The change in the number and profile of state and non-state schools across the country in recent years has, not surprisingly, been paralleled by a steady drift in student enrolments from the state to the non-state schooling sectors. The reasons for this are vigorously contested, with some arguing it is a demonstration that choice theory is working in practice and that it shows that parents see the non-state sector offering better quality schooling options for their children. Others see it as a consequence of inequitable funding, the latter to the detriment of the state sector. Still others argue there is an aspirational element underlying some parents’ decisions about schools. To counter the enrolment drift, some state education systems have adopted what might be seen as “non-state school strategies” to combat perceived community perceptions about the quality of the state school sector, establishing schools of academic excellence based around what might be seen by some as elitist criteria such as streamed academic entry. Such moves generate another level of competition over and above that between state versus non-state schools, namely one involving state versus state schools. While these strategies endeavour to retain high calibre students in the state sector, they may in fact contribute to residualisation of some state schools from where the most talented students are drawn.
Quite clearly, schools systems and schools themselves have responded and been shaped by a raft of changes and policy imperatives brought about by globalisation and some of the other forces already noted. Over and above these, there is background rhetoric about a failing curriculum, failing schools and failing teachers. Debates about a national curriculum, standards, national and international benchmarks and testing regimes resonate in much educational discourse today. Noteworthy is that such benchmark and testing agendas typically focus on “core” or “basic” curriculum areas (such as numeracy and literacy) and rarely traverse other domains such as those focusing on the social, emotional and attitudinal development of young people. Despite this, many schools continue to offer comprehensive curriculum addressing the academic and social-emotional needs of young people.
With respect to the curriculum, some would argue there is a need for a greater focus on traditional learning domains and that this could be achieved by un-cluttering the curriculum from a plethora of “add-ons”, many of these picked up by schools and relating to a range of social and emotional development agendas previously the responsibility of institutions such as family and church. The “problem” of “poor” teachers, some would see, could be addressed by more rigorous performance management processes and financial incentives for the best performers, however they might be “assessed”. Business and media interests also regularly re-enforce negative notions about schools, education and teachers. Often the outcome of this is the creation of a sense of a crisis in education and schools where the negatives seem magnified and the positives often ignored or underplayed.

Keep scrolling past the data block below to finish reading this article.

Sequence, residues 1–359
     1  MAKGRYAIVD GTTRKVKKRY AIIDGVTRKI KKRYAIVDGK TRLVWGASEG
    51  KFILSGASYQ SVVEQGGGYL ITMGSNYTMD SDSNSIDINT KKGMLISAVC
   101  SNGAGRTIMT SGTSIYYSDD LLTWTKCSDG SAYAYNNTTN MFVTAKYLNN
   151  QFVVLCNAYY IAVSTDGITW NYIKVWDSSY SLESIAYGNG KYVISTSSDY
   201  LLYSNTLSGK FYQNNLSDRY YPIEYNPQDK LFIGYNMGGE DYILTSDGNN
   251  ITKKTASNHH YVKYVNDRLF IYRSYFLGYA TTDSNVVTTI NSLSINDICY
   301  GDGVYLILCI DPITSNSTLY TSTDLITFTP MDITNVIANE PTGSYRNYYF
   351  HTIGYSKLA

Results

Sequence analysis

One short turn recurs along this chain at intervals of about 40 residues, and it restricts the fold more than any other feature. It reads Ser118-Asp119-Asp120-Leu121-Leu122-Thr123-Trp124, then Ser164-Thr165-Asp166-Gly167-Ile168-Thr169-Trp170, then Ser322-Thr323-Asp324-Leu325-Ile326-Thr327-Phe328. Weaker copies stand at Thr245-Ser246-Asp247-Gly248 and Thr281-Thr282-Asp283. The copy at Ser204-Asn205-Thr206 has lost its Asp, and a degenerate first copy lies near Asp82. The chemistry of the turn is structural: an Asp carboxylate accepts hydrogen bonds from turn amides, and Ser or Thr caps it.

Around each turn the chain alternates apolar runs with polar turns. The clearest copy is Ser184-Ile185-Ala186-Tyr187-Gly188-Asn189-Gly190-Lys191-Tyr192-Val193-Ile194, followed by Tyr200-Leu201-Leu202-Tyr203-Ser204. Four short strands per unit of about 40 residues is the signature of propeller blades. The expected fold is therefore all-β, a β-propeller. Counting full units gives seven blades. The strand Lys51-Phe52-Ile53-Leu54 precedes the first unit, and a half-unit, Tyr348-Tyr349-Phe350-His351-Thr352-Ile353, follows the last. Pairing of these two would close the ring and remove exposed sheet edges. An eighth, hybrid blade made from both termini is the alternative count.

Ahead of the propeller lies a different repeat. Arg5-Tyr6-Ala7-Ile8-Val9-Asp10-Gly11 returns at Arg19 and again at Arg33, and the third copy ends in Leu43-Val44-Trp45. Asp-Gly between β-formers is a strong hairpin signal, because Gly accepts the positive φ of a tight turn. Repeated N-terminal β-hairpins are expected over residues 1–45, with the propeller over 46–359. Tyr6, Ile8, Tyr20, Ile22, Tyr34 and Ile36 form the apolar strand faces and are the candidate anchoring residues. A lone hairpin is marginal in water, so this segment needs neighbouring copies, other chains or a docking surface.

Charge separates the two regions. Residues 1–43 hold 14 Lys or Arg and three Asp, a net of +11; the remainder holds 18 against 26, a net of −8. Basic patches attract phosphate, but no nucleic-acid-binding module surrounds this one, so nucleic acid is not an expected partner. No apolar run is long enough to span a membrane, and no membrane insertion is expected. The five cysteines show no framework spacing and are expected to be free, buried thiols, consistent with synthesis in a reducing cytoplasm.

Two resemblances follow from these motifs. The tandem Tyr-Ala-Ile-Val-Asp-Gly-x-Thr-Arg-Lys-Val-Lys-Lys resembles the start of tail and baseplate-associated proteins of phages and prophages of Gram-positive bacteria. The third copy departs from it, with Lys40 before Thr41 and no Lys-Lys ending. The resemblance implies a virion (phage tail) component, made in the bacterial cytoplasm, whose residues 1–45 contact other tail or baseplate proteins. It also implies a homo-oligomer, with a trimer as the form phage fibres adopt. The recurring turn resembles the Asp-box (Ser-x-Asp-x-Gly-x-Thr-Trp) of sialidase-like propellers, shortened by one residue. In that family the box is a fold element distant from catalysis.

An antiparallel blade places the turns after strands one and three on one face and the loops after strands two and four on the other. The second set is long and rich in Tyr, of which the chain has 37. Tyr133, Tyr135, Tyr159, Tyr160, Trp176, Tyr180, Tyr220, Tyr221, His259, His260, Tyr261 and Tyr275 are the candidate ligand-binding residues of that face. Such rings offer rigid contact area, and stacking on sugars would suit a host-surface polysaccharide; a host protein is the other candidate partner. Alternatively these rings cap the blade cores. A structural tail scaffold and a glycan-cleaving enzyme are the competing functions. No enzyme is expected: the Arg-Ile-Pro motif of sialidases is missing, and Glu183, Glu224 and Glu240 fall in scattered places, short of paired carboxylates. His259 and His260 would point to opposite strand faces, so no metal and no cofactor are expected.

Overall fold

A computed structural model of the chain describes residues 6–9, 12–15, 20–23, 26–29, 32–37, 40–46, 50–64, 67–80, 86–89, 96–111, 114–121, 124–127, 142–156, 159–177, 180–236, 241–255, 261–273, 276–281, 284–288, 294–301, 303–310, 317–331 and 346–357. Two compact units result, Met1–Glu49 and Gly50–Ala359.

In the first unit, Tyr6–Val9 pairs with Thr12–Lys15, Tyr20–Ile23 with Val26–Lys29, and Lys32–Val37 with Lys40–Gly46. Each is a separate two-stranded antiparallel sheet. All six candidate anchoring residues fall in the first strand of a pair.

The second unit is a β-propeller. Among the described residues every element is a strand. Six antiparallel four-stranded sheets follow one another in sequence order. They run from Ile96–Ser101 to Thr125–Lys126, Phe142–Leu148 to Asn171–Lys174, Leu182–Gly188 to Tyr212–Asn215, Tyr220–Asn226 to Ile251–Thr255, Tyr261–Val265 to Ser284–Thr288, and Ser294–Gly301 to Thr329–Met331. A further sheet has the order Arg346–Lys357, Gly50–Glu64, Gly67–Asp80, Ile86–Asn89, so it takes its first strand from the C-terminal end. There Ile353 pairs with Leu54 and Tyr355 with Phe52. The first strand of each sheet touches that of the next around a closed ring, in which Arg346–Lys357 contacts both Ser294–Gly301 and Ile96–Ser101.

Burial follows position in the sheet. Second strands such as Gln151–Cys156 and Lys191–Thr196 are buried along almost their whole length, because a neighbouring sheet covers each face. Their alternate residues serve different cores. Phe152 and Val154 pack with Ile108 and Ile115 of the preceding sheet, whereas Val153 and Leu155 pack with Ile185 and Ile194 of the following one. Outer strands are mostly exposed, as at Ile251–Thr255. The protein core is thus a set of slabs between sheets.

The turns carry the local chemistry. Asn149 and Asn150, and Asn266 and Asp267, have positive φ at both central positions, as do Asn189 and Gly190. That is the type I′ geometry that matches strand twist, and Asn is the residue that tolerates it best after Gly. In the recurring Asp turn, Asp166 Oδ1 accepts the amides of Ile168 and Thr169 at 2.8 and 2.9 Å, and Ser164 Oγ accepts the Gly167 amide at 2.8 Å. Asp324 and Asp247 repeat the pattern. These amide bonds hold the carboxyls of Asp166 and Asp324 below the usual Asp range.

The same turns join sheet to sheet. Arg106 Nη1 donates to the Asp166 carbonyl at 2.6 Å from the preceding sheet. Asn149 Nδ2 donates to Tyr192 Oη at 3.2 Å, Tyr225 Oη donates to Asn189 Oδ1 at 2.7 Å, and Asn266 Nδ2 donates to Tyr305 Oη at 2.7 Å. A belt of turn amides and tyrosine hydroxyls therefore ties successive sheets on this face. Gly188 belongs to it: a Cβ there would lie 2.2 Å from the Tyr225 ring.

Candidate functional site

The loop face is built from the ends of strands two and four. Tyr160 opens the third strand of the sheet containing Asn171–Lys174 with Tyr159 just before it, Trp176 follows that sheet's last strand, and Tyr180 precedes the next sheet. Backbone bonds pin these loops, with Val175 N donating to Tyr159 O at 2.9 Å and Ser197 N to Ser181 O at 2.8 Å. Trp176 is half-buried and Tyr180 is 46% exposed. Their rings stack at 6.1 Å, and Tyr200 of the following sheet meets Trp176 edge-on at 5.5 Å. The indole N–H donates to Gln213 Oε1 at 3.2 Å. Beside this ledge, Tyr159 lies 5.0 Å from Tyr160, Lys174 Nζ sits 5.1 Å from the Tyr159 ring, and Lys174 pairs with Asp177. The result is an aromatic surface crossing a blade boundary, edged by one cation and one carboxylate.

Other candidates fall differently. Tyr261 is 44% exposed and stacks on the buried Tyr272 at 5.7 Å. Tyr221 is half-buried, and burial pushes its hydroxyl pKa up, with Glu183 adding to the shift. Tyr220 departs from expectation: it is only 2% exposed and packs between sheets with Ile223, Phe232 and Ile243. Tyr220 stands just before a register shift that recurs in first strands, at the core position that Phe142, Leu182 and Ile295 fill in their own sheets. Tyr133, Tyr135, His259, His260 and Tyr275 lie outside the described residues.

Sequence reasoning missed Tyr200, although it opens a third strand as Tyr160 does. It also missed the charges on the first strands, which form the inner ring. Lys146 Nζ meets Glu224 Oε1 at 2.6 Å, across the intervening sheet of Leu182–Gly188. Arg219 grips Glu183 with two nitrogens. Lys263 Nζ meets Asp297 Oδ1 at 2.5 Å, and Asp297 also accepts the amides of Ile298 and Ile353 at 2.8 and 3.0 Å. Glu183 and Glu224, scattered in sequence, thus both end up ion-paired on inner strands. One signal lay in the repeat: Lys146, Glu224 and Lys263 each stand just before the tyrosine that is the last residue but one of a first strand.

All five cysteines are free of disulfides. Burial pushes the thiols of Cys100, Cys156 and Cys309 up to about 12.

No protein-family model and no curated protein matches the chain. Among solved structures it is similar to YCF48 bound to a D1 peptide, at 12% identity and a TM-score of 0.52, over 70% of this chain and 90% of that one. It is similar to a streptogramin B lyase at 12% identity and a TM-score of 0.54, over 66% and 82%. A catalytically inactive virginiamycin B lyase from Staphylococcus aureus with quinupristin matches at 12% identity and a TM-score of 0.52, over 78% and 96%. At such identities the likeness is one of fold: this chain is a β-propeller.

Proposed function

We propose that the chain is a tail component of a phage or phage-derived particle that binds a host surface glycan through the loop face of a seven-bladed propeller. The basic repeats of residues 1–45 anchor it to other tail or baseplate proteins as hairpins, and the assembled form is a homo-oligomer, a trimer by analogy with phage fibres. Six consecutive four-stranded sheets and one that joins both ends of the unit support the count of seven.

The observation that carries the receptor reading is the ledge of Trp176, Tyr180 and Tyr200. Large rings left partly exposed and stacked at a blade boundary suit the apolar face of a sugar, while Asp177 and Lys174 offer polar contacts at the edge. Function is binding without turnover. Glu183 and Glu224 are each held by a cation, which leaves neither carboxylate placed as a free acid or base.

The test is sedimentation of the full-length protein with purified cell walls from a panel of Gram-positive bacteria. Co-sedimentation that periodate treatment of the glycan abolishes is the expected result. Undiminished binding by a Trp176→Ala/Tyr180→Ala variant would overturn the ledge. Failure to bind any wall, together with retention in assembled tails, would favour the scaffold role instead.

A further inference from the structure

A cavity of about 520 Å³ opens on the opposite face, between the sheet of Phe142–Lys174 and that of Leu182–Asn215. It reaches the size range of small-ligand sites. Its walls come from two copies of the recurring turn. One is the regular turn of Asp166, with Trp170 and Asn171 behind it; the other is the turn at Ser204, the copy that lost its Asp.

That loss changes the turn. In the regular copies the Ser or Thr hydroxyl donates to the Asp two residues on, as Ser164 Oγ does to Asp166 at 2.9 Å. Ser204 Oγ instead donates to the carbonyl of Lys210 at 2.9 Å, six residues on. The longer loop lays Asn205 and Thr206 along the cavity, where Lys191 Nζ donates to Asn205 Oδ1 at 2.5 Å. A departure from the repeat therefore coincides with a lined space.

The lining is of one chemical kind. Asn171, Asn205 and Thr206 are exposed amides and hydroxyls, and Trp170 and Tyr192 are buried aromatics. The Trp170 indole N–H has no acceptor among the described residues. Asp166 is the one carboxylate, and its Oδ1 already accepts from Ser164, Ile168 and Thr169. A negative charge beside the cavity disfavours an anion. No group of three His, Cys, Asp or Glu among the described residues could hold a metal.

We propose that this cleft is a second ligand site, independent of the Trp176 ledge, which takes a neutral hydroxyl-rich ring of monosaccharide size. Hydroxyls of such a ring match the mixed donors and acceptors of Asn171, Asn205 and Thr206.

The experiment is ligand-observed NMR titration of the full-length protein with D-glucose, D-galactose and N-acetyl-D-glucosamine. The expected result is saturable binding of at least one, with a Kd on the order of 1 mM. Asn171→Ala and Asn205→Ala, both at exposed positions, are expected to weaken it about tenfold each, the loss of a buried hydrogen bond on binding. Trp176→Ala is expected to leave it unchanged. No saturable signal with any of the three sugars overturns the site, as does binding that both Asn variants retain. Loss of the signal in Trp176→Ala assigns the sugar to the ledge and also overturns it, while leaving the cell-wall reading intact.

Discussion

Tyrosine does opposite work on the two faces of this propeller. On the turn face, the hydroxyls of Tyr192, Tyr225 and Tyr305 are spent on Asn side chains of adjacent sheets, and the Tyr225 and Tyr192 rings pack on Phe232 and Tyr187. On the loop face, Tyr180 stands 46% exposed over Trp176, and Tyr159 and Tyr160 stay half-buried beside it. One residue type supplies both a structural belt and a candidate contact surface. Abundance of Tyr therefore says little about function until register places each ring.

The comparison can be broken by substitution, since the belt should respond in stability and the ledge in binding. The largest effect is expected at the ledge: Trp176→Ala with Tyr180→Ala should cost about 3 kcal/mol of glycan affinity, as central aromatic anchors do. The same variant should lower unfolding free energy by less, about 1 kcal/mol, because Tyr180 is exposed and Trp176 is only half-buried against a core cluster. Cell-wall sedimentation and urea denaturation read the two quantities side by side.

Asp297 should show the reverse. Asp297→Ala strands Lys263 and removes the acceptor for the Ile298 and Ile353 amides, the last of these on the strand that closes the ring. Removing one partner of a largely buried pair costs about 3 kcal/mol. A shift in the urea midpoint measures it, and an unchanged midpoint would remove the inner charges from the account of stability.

All of this is occurring in a wider societal context where families generally are now less directly involved in school life due to work-life balance challenges and changing family structures and where schools are looked at increasingly to address a variety of society’s problems, such as childhood obesity. At the same time, education in recent years has been seen as having an overriding economic purpose and that it is essentially about skill and knowledge development for employment and further education: it is argued that Australia’s competitiveness and its very future depends on this. Some of the related rhetoric is about “earning or learning” notions.
Schools have also recently been called upon to address broader national social agendas such as teaching Australian values. The key architect of these calls, the federal government, has provided financial incentives to schools directly for specific initiatives such as flying the Australian flag and displaying posters listing their view of what constitutes Australian values. It could be argued that the “teaching” of values in schools in this way is only a superficial response about what potentially could constitute important public purposes of schools.
In response to the shaping influences briefly canvassed here, schools, schooling and education are positioned and characterised quite differently now from the situation just a decade or so ago. This changed and changing state has impacted significantly on the overall purposes of schooling and the public purposes in particular. Since there is a considerable and increasing investment of public funds in Australian schools, it should come as no surprise that just what these public purposes might be in these early years of the 21st century is a matter of some interest.
It is timely, therefore, to ask what these public purposes are and how all schools – state and non-state – are, or should be serving these public purposes. Key questions arise as to whether public purposes as they have been earlier conceived have been sidelined by the market and competition in favour of very individual educational purposes; or have schools resisted this tendency? The research, which will seek to answer such questions across the next few years, includes the analyses of key policy documents (at state and national levels), interviews with educational leaders (e.g. education ministers, independent school sector leaders, principal associations) and key stakeholders (e.g. business sector and union leaders, parents bodies) – these activities will focus on examining contemporary understandings of public purposes. A series of case studies (in state and non-state schools) across four states, followed by a national survey, will then examine more closely just how these public purposes are being enacted in our schools today.